And why not? What's the point in being pissed off and twisted out of shape all the time? Who wins? Who benefits? The universe is expanding, and so are we, but only if we will it. We can stay small if we want to, but we are fighting against the natural order of things. And it takes a lot of energy, time and focus to do that. Staying small takes everything you've got. Might as well redirect that energy towards a better cause. Even if that cause is just staying alive and smiling about it at least once a day.
But then something genuinely wonderful and utterly devastating happened to me.
The man who had supported me through all of this and celebrated my progress for four years suddenly walked out of my life and fell in love with someone else.
I was absolutely broken. I felt like I had to start all over again. I felt like someone had just taken the leaning post away from me and I had fallen back down into the cold mud of misery.
Thank the goddess for heartbreak.
It wiped the floor with me. It almost killed me. Before that time in my life, I had no idea what it was to cry. Every tear I cried before he left me was a poor imitation of the real thing. When he left, I cried until I could hear the blood racing in my ears. I cried until I was numb. I cried until my future felt like a black hole.
To put it bluntly, it hurt so badly that I thought it would never end.
My friends started pulling away too. They didn't know how to help me. They couldn't bear to absorb my pitch black energies for too long. I used to sit up all night in front of the heater in the cold living room where he and I had made our lovely life together. I knew that the heater was burning up money and that I would receive bills that I had no way of paying on just one wage. But still I kept it on. I think it kept me from going back to the razor blades I had left behind so long ago.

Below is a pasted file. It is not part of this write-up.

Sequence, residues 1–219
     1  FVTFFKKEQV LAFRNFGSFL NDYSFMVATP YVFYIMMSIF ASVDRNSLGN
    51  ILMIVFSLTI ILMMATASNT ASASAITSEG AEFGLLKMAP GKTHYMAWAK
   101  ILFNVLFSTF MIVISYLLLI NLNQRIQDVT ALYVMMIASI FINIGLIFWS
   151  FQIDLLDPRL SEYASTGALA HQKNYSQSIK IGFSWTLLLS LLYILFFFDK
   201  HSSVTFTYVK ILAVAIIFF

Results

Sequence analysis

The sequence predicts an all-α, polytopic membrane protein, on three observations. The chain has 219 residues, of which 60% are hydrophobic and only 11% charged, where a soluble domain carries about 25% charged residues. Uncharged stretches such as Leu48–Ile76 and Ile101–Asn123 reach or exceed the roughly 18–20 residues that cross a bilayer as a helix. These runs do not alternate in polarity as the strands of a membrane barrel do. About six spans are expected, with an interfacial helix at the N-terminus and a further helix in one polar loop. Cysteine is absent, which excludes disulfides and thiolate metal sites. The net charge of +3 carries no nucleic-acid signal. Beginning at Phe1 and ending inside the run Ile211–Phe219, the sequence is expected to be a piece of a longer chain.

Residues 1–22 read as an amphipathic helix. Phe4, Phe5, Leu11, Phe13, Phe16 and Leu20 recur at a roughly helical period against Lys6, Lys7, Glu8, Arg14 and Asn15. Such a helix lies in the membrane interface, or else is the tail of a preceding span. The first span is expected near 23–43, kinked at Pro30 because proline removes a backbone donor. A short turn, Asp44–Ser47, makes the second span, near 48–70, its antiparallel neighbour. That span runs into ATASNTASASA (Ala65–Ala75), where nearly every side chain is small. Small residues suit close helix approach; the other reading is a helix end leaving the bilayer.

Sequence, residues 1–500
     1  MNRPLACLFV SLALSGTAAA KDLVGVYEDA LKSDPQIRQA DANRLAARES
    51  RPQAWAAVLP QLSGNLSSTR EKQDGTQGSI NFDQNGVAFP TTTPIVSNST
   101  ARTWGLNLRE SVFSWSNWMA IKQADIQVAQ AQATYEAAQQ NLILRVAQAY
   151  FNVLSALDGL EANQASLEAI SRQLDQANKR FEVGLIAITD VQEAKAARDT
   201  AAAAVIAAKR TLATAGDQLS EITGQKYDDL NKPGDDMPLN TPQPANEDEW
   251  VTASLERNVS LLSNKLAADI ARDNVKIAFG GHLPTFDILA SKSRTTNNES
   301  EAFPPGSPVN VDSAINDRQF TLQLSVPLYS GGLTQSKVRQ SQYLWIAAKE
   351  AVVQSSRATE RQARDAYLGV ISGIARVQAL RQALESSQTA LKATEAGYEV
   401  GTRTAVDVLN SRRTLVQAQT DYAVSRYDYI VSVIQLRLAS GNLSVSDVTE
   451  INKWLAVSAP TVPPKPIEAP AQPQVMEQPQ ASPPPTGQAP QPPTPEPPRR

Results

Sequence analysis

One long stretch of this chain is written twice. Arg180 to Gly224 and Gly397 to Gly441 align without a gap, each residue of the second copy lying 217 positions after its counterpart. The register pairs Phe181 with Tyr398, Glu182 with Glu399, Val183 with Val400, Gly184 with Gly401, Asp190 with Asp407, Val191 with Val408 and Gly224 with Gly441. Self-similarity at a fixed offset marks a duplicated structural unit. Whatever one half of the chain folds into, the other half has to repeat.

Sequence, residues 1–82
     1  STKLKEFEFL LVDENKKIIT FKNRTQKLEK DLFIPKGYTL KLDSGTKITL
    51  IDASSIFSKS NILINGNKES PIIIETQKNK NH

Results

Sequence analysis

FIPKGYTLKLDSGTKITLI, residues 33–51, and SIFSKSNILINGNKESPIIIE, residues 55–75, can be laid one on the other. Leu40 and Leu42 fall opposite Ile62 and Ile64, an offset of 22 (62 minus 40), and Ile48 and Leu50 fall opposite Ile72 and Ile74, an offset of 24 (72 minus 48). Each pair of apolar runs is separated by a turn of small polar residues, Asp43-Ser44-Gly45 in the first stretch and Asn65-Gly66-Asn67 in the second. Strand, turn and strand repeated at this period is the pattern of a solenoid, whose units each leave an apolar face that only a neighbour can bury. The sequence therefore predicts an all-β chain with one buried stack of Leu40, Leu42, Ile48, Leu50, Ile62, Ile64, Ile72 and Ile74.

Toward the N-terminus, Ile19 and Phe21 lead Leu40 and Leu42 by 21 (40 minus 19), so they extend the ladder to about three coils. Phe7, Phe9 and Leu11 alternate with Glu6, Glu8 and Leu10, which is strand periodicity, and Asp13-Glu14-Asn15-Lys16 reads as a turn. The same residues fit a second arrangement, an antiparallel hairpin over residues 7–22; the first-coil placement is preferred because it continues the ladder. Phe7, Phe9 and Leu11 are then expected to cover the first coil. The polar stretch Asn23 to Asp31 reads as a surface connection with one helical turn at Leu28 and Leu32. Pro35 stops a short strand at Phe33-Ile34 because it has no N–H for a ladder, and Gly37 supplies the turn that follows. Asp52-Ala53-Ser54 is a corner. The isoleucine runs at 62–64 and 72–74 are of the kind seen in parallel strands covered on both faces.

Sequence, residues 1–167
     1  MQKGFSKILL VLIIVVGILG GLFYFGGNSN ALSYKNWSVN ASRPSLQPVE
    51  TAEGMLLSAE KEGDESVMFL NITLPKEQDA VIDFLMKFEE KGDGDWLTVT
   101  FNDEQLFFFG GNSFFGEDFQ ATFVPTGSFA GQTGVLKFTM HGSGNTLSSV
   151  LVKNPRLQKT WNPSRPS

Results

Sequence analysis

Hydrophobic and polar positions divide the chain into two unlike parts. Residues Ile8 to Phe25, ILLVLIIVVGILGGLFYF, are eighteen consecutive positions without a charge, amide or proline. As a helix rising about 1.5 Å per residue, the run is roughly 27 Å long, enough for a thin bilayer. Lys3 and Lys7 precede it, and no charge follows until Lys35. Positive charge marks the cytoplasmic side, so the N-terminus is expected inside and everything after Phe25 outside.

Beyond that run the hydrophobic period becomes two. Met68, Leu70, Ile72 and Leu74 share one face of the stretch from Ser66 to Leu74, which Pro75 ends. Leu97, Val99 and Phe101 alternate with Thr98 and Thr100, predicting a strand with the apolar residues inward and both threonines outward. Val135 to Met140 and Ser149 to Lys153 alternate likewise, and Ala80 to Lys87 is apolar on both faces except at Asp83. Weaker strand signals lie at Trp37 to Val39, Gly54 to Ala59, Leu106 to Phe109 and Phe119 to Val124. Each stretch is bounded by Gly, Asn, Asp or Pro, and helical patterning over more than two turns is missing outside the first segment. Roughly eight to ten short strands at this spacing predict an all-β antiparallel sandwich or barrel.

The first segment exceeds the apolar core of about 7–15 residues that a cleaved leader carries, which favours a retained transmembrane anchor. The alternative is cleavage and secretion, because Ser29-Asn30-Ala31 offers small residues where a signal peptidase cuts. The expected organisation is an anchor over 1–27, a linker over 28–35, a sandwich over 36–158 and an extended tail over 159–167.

This experience is how I came to believe in post-traumatic growth 100%. Some things happen precisely because we need them to even if we protest against them with every single bone in our bodies. Self-love is much easier to cultivate when other parts of your life are sailing smoothly. When you have someone to nod and smile as they see you grow. When you have someone to tell you that you mean everything to them. You can foster self-love in those circumstances, but you can only know the true value of it when you are in hell. Only then can it become the most sacred keystone of your life - the ground from which you rebuild everything that was destroyed. Only then do you get to witness its majesty in action.
Can you still be grateful for the oxygen in your lungs then? Can you still give yourself words of love as you huddle up alone in the foetal position and cry? Can you hold yourself in those moments and see yourself through? Can you see the divinity and the worthiness in yourself, even when the one who used to see it doesn't want to look at it anymore?
Those were the questions I asked myself.
I remember the first time I felt self-love at the deepest core of myself after that. I had to give up the house I was living in with my departed love because I couldn't afford to keep it on my own and it was too full of memories in any case. I had moved into a small room in a shared house with my belongings. I was broke because I had lost my job, finding myself unable to cope with work and struggling with depression. I was walking through the snow in the darkness of the city, feeling lost and despondent. Suddenly, I started talking to myself and being with myself in that sad little slice of time. I realised that I didn't have to abandon myself. I could be the centre of my own universe. I realised that I never needed anyone to look at me with love in their eyes - I needed to do that for myself. That's where it is. It's in recognising that you are always with yourself. You are never divorced from yourself. You can be in your own presence and you can give to yourself what others have taken from you.
A shamanic rebirth on a dark street with snow slush seeping through the hole in my shoe.